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Come down hard on illegal Wildlife Traders

SOMETIME in July, the headlines in the papers read "Enforcement to go after big fish". This statement by Tan Sri Dr Koh Tsu Koon, minister in the Prime Minister’s Department, was made as he was concerned that the country’s enforcement agencies were only going after the small fish in criminal networks, and that the government is not using its limited enforcement resources effectively.

A few weeks later, the government did land a big fish. And he is as big as they come in the wildlife trade world. Anson Wong, which many have mistakenly dubbed "The Lizard King" after the book by Bryan Christy (the book refers to another dealer in the US, not Wong), was arrested at KL International Airport in August after an alert Malaysia Airlines security officer spotted a bag with a broken lock on the carousel for a Jakarta-bound flight. Inside the bag were nearly 100 South American reptiles, and Wong was caught without the necessary export permits.

He pleaded guilty, and was sentenced to six months imprisonment and fined RM190,000. Keep in mind that Wong is regarded globally as "The Don" of the illegal wildlife trade. Suffice to say, no one was satisfied with the judgment and the Attorney-General’s Chambers has filed an appeal for a higher penalty. And indeed it should.

Apart from breaching the International Trade in Endangered Species Act, Wong has broken a slew of national laws. Under the Customs Act 1967, Section 135 states that anyone "exporting or importing any uncustomed or prohibited goods" can be found guilty of an offence (dependent on which class of goods it falls under). The penalty ranges from a fine of not less than 10 times the amount of customs duty or/and the maximum of five years imprisonment. If it is found that Wong had bribed an officer to enable his bag to be checked-in, Section 10 of the Anti-Corruption Act 1997 comes into play with the maximum penalty of 20 years imprisonment and/or a fine not less five times the amount of the bribe or RM10,000, whichever is higher.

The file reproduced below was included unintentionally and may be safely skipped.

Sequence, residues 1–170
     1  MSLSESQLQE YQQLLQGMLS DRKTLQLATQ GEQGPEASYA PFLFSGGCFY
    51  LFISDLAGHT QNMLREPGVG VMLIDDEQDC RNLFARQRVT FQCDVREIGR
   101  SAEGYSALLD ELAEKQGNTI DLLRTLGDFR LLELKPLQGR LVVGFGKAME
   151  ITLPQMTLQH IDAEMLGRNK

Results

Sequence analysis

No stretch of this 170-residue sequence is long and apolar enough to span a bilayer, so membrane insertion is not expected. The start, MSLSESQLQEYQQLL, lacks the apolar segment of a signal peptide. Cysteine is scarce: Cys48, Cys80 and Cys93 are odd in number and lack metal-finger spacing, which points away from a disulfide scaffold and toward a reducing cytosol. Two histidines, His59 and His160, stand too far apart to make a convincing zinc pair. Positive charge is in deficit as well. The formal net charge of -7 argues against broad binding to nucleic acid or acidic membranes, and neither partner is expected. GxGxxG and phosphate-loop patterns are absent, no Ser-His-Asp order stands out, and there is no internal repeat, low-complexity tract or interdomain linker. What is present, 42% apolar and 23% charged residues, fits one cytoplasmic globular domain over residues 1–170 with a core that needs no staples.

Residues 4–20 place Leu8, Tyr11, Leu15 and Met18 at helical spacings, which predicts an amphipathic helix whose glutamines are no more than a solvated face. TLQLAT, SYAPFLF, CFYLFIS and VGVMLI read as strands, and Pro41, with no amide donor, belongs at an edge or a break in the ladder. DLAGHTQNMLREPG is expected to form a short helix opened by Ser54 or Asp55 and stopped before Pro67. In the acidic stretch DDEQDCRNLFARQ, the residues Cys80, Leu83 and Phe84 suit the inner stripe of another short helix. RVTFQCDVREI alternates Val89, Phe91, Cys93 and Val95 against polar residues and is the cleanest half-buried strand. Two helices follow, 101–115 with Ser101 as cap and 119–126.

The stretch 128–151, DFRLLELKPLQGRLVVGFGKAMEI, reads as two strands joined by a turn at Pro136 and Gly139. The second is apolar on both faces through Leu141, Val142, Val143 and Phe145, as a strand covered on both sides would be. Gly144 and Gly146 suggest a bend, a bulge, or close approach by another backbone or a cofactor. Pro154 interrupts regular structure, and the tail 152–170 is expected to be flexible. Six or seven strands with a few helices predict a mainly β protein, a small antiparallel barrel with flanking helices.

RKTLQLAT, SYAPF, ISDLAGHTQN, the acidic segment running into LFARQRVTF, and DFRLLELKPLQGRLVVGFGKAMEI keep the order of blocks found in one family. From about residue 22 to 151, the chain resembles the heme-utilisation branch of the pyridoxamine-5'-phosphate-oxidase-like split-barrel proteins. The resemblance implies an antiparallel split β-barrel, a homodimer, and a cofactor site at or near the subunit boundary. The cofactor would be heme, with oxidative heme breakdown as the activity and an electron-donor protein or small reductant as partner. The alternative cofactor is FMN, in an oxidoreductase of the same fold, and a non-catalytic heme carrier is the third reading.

Wong also breached the Animals Act 1953 where Section 14 states that no person is allowed to export any animal without a licence, and carries a penalty of RM500 and/or six months imprisonment. The IATA (International Air Transport Association) Live Animals Regulations, which was drafted to ensure all animals are transported safely and humanely by air, was disregarded by Wong as he did not have the necessary certificates, permits and proper containers. IATA container requirements for animals are based on species needs and animal size. Wong also contravened Malaysia Airlines Conditions of Carriage, especially Article 8.1.14 for putting passengers of the aircraft in danger, and Articles 9.1.1 (a) and (e) where the airline prohibits the inclusion of items which are likely to endanger persons on board and the carrying of live animals unless they are packed within IATA rules, respectively.

When I attended the sessions court to hear the case, the faces around me expressed scepticism when Wong, in his mitigation plea, said that he was in a haste to meet a customer’s demand, hence the attempt to carry the reptiles without the necessary permits. For someone as knowledgeable and experienced in the wildlife trade, Wong should have known better unless he was confident that he would not get caught.

I hope the presiding judge in the appeal case will impose a suitable penalty to reflect the seriousness of the government in punishing someone who has broken at least three national laws and for making a mockery of the government’s efforts to improve its image in wildlife management.

Azrina Abdullah is conducting research on the links between
indigenous groups and wildlife trade. She was regional director of
Traffic, an NGO which monitors the global wildlife trade.

Updated: 11:33PM Sun, 12 Sep 2010




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